He arrived promptly at ten o’clock for his appointment and Dr. Coniglio saw him at once. There was something odd in the doctor’s manner, stiff, which worried him and alerted him to the seriousness of the news. He had known Coniglio for years. They were of an age. A graceful man, with athletic shoulders, a clean stiff collar and shirtsleeves invariably rolled. He liked him, the cordiality in his speech, the clarity in his face like sunlight on flagstones. Coniglio had treated his mother at the end of her life, when she was dying in the ruins of Casa Lampedusa, had made the long drive from Capo d’Orlando to Palermo each week. Until the war, he had been the family physician for his cousins, the Piccolos, attending them at Vina, their villa, and it was only in the last five years that the doctor had opened an office in Palermo. He remembered now, seeing the man’s new consulting rooms, how his mother had used to look at Coniglio, the narrow cold assessment in her eyes. She too had thought him a fine gentleman. She too had not wanted to observe himstanding next to her son.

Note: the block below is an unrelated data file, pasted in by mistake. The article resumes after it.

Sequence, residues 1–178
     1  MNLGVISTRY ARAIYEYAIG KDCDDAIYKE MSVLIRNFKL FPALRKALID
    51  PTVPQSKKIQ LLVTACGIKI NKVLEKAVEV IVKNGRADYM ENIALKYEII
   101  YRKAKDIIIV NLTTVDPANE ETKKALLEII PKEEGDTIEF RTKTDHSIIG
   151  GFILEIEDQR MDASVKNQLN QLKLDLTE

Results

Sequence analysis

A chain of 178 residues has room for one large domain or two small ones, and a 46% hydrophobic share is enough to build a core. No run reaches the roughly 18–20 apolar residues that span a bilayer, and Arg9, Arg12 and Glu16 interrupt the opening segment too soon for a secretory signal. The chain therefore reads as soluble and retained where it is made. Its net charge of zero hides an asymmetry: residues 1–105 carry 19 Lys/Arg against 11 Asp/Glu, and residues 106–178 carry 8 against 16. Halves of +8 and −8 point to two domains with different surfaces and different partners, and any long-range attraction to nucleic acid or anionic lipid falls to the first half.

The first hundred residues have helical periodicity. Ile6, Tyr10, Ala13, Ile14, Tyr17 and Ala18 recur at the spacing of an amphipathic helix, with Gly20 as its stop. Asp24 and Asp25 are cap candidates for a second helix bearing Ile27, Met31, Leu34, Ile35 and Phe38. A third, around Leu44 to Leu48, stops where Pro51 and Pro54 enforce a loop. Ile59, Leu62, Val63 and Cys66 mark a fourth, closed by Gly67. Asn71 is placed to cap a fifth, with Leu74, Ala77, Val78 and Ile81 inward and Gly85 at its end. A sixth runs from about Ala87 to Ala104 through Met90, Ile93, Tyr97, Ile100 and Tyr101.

He did not think of himself as shy but a certain shyness took hold in him when he found himself in the company of men such as this, men with a deference for his own station in life, men who had set out and achieved success, men of purpose, men of the world. Their easy manners left him uneasy, their confidence made him falter. He felt himself slow down, grow watchful, hesitant, until he had lost the moment for the quick retort or dry joke that came always to mind. Instead he would blink his lugubrious eyelids, and smile faintly, and meet the other's gaze helpless.

He waited for the doctor to gesture to a chair before he unbuttoned his winter coat and sat. He took off his hat and folded his gloves in its upended crown and rested his walking stick across his knees. He set his leather bag carefully to one side, half unbuckled, the little frosted cakes in their paper wrappers from his breakfast at the Massimo visible, the spine of the book he had brought for later, The Pickwick Papers, shining up at him. He reached at once for the cigarettes in his pocket but caught the doctor’s eye.